Get to know the new Deputy Editor-in-Chief of the Journal of General Virology
Posted on April 6, 2020 by Microbiology Society
This month, Professor Alain Kohl was announced as the new Deputy Editor-in-Chief of the Journal of General Virology (JGV). We asked Alain some questions to find out a little more about his interests and his new role on the JGV Editorial Board.
My name is Alain Kohl. I’m based at the MRC-University of Glasgow Centre for Virus Research. My main interest is arboviruses, particularly virus-host interactions, host responses, virus replication and vectors.
When did you first decide you wanted to do science (and why)?
As much as you can decide on these things when you’re a child… my interest grew from when I got a microscope set as a present for my first communion — I remember looking at the slides very well, and checking all the equipment that morning. I had already spent much of my time exploring life in ponds and rivers. I think when I was 11 or 12, I decided I wanted to study biology and that never changed.
What is your biggest professional achievement?
Still being able to do something that I genuinely love and I’m passionate about, and hopefully having helped others to achieve the same.
What would you be doing in your career if you weren't a scientist?
It’s probably more wishful thinking than a realistic career option, but I love football and skateboarding. I was never good enough at either to make a career of it, sadly.
What motivated you to become part of the JGV’s Editorial Board? What does it mean to you to be the Deputy Editor-in-Chief?
Journals fulfil a very important function in science — that’s no secret. There have been many debates over publishing processes in the last few years, much of it justified if we want to advance science, as well as improve access to research findings. Active scientists must stay closely involved so that the voices and opinions of the community are heard. JGV, as one of the established virology journals, takes a leading role in how we want to develop the evaluation and communication of results and data.
As members of the Editorial Board and Editors, we have a role in ensuring quality and overview of these processes. I aim to play my part in ensuring the journal serves the needs of virologists and continuously develops, while keeping the best possible standards. It’s an enormous honour to have been chosen to play my part, having served as Editor and on the Advisory Board of JGV. It gives me the opportunity to bring my experience to a new role, where I hope to influence how publishing develops for the benefit of scientists and those who rely on high-quality science.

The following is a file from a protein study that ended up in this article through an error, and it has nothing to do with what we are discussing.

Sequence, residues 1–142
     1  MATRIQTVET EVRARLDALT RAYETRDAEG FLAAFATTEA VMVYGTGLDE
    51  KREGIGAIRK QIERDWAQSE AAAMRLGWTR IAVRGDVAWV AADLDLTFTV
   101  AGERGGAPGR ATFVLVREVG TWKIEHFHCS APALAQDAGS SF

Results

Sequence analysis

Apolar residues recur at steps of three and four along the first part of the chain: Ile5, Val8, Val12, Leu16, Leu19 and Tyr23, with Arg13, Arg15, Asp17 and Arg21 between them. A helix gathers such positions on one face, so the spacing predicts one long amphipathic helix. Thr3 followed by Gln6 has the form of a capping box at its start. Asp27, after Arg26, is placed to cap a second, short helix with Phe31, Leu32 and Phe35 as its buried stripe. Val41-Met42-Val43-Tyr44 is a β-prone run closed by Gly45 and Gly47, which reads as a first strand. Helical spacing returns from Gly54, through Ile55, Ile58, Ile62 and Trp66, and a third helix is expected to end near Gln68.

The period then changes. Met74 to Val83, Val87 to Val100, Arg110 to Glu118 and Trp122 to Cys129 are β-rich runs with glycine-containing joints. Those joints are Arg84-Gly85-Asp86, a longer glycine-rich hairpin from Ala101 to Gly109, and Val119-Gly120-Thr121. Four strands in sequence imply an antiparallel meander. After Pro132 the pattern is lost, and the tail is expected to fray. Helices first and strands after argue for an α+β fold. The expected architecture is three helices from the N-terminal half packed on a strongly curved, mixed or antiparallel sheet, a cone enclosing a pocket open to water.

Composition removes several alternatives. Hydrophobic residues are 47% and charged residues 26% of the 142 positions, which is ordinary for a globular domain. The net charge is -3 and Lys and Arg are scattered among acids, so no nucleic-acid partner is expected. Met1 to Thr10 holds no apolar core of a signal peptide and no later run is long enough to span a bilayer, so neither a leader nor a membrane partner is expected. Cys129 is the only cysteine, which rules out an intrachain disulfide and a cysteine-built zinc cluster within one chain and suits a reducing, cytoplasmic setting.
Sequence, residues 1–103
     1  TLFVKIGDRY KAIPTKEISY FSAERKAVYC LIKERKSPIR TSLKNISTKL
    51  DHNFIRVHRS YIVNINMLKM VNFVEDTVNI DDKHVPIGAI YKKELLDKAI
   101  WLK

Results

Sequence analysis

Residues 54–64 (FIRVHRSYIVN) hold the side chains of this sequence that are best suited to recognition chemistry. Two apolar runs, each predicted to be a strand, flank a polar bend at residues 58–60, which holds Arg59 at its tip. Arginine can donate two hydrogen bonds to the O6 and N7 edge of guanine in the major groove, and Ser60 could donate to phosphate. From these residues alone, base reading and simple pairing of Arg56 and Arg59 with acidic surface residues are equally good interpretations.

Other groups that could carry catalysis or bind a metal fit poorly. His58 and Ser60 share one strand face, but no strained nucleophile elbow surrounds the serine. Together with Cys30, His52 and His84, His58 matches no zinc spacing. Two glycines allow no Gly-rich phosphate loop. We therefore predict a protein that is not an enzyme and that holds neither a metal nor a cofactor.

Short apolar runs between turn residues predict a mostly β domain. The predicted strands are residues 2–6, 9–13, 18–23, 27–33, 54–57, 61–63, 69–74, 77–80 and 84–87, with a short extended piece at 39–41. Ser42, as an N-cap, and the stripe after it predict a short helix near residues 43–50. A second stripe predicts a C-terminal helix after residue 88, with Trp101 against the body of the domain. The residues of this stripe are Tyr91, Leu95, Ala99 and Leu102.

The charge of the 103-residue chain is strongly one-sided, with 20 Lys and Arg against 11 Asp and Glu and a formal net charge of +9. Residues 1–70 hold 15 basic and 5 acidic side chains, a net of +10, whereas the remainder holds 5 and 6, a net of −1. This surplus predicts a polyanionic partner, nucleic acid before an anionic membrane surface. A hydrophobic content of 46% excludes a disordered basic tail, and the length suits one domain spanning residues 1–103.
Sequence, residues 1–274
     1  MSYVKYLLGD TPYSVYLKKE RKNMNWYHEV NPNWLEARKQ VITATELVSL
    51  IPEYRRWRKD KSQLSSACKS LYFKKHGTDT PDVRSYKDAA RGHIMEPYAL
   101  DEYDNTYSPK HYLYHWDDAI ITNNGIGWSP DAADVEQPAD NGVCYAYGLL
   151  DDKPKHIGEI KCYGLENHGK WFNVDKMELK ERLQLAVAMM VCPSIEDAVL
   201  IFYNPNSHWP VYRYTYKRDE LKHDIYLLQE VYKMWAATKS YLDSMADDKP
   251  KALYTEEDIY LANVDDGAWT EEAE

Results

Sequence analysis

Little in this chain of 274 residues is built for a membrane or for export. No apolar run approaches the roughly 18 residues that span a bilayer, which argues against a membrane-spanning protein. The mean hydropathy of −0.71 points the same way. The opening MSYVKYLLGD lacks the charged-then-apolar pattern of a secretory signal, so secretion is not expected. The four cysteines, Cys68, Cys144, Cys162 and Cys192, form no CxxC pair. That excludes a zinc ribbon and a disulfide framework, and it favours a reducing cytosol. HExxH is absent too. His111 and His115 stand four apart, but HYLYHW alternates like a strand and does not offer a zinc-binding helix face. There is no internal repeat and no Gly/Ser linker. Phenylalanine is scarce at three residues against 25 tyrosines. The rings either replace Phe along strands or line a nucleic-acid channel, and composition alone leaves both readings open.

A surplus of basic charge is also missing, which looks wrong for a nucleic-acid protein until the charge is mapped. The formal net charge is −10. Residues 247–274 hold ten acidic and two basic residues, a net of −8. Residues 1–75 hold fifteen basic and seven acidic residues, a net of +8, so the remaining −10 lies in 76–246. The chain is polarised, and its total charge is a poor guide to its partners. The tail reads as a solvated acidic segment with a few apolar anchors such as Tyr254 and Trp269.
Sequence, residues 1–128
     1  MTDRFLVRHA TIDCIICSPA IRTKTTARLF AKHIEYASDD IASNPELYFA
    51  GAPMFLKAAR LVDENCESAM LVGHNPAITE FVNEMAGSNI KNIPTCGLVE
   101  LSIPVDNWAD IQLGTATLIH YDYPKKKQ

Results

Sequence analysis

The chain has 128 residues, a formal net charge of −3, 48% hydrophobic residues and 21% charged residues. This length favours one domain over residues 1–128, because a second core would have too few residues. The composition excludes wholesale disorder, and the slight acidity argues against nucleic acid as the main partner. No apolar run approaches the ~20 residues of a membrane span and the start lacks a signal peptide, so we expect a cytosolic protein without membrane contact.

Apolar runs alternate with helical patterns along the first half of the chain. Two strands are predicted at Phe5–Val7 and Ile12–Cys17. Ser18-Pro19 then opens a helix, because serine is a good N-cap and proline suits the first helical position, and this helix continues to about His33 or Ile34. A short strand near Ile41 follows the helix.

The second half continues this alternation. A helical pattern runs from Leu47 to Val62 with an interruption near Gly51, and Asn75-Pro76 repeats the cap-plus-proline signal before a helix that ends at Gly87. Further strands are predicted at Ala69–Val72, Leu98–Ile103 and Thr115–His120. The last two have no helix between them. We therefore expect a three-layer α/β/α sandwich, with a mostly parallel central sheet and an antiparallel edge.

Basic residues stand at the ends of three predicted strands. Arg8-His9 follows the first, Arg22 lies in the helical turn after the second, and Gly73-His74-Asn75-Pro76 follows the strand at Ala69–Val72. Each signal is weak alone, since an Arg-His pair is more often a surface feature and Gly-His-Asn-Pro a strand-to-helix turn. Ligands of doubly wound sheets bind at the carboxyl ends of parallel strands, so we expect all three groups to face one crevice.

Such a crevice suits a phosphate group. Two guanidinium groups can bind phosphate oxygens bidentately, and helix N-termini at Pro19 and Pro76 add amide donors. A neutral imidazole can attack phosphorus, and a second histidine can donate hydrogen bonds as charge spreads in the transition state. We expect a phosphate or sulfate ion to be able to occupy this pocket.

What do you find most interesting about academic publishing?
Academic publishing in the life sciences is at a crossroads; factors including open access publishing, preprint servers, data availability and peer review are passionately discussed within the scientific community. It has always been great to be involved, but we are now in a period where important decisions must be taken in how we ensure journals remain useful and efficient for authors and readers. It’s not just interesting, it’s critically important for the journal and how publishing develops.
At a time like this, virology research is receiving a lot of attention. What is JGV doing to support the virology community during the SARS-CoV-2 pandemic?
With our experienced Advisory Board and Operations team, we are well placed to review and publish articles as quickly as possible. The step by the Microbiology Society to make articles accessible and free of charge to all is, I believe, also a very important one as many virologists and those with an interest in virology will read up on coronaviruses, or topics that relate to these viruses. I have been there myself recently – sitting at home on a Saturday night reading up on viruses I really needed to know a lot more about – and quickly! You see a paper and you want to read it. That’s how people acquire knowledge, and this is an exceptional situation where we need to move fast.
Why are Society journals important?
Society journals are by the community, for the community. Our Society journals reflect this ethos and they have the interests of science, scientists and readers at heart before any commercial considerations or profit-driven decisions. As such, they hold a special place in academic publishing and reflect these values. Hence why the participation and support of scientists who may have been members of the Microbiology Society since they were students all the way through their careers is so important.
What do you think the future holds for microbiology?
Follow Alain on Twitter.